Op-Ed

Senate Tax-Reform Bill will hurt graduate students and charitable giving to universities

President Trump unveiling his tax plan at the Indiana State Fairgrounds in October.
President Trump unveiling his tax plan at the Indiana State Fairgrounds in October. GETTY IMAGES

In a surprising 51-to-49 vote, the Senate narrowly approved a major piece of tax legislation for the first time in 31 years. Though this Tax-Reform Bill will have several drastic implications affecting hard-working Americans, it also stands to affect the lives of millions of students who are carving a better future for themselves and their families.

In addition to direct impact to students, the bill will also create new tax burdens for educational institutions by negatively affecting charitable giving that supports colleges and universities.

One of the most significant implications of this bill in particular is that the bill will require graduate students to pay income tax on tuition scholarships received, and employees of universities will also have to pay income tax on tuition waivers provided by the university. Graduate students already face steeper tuition prices due to the rising costs of education. This bill will tax these scholarships and waivers as if the student received income in such amount. Students will inevitably get into bigger debt, as many will have to borrow to cover the cost of education as well as the corresponding income taxes.

For example, if the cost of an MBA is $40,000 and the student has received a scholarship for $20,000, and assuming the student is in a low tax bracket of 25 percent, the student will be liable to pay additional income tax in the amount of $5,000.00 for the scholarship received. In total the student will have to cover the $20,000 remaining tuition cost plus the $5,000 income tax for a total of $25,000.00. In a typical two-year MBA program, this student will pay an additional $10,000.00 in taxes and this is only considering the tuition costs.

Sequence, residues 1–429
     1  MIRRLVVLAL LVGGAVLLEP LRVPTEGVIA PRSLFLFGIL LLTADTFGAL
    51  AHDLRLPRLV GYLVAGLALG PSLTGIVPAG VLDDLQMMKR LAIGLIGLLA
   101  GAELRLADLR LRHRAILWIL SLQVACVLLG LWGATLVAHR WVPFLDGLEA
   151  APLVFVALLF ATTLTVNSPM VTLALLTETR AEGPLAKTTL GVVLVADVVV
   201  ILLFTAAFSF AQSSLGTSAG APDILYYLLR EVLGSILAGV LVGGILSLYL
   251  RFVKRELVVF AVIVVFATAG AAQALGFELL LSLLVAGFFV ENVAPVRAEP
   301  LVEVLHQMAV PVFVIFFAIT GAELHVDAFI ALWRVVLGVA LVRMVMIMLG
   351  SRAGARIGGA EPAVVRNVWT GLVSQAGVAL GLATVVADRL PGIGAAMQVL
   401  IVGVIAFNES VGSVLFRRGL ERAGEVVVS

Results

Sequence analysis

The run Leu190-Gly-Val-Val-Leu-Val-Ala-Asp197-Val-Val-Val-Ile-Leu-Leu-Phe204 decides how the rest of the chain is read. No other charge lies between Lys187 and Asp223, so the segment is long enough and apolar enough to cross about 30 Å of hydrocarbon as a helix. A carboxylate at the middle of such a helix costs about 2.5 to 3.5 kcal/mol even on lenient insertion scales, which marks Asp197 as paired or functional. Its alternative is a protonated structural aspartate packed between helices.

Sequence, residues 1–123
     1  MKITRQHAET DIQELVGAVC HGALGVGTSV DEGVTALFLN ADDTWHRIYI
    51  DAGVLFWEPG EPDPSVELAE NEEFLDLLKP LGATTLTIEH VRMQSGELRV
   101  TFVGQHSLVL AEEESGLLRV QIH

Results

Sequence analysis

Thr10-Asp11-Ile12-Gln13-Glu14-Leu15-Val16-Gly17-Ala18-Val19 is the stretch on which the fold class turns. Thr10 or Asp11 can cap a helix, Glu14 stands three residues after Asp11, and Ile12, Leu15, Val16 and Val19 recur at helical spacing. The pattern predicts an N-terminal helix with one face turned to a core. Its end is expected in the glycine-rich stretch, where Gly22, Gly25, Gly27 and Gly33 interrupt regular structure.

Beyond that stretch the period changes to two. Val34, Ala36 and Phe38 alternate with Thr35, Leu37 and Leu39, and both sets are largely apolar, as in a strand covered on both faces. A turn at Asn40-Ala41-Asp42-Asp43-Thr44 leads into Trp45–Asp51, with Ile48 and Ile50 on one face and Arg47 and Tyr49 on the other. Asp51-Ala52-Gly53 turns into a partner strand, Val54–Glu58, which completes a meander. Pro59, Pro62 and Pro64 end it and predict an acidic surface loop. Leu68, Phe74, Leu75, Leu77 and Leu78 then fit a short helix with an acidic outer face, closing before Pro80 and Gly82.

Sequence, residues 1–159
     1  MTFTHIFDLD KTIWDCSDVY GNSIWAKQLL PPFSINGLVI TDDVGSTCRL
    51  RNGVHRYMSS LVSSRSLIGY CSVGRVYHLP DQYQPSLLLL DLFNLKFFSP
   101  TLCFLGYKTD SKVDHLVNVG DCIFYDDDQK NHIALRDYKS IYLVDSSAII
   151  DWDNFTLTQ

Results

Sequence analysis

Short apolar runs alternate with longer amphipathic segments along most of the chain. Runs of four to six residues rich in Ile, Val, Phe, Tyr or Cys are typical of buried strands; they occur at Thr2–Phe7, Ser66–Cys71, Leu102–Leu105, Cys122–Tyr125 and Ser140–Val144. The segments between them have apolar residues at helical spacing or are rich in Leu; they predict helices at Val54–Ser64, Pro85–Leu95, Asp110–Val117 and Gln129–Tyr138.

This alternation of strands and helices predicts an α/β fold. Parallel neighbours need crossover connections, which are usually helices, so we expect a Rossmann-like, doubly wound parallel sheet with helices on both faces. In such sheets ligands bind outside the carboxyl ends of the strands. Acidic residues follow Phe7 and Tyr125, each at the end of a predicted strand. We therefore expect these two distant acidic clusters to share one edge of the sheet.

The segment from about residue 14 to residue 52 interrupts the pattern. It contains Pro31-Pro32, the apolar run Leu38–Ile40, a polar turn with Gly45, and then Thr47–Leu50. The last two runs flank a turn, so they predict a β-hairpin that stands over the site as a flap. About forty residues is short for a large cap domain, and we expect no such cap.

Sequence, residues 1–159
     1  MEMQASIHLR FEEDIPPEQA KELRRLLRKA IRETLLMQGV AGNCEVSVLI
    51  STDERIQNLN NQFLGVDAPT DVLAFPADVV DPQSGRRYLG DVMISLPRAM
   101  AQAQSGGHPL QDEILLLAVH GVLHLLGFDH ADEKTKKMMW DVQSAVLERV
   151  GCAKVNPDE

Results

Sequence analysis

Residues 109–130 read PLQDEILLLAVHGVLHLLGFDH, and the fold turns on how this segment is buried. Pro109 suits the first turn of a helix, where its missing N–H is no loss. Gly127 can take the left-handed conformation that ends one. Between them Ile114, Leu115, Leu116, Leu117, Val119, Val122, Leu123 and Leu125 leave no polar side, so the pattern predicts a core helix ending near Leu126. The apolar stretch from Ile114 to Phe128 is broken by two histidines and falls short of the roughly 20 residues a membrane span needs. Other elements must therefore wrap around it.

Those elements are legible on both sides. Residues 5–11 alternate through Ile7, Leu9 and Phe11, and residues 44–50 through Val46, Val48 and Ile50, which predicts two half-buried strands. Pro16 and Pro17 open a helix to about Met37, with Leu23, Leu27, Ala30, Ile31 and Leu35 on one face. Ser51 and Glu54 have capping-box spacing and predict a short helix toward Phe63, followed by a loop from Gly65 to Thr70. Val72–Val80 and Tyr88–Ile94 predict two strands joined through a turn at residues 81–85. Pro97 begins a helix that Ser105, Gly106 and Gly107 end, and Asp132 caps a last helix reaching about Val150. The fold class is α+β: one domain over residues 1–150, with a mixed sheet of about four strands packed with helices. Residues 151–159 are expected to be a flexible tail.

In addition, according to Inside Higher Ed, the bill also doubles the standard deduction for individuals, which may discourage some taxpayers seeking tax write-offs from donating to charity. This measure will have grave implications across the nation, considering most institutions, both public and private depend on charitable donations to fund scholarships, develop new educational programs, and educational infrastructure, among other needs.

For many of us educators, waking up to this news a few days ago felt like waking up from a bad dream, only that this time the nightmare is real.

As a university administrator, I support tax reform that facilitates access to quality higher education, but as drafted, the Senate Tax-Reform Bill does not achieve that goal in any capacity. Under this legislation, the thousands of students pursuing graduate education at all universities across the nation who are currently receiving financial support through some form of scholarship will be impacted. Under this legislation, all of this support will be taxable.

If you want to take action, I urge you to contact your House and Senate Congressional representatives and tell them this bill will severely create barriers to student success by directly increasing the cost of education through additional taxes.

We need to unite to improve the future of America through education, and this is certainly a step-away from that. Let’s do our part to ensure we move in the right direction.

Irma Becerra is a professor and currently Provost and Chief Academic Officer at St. Thomas University in Miami.

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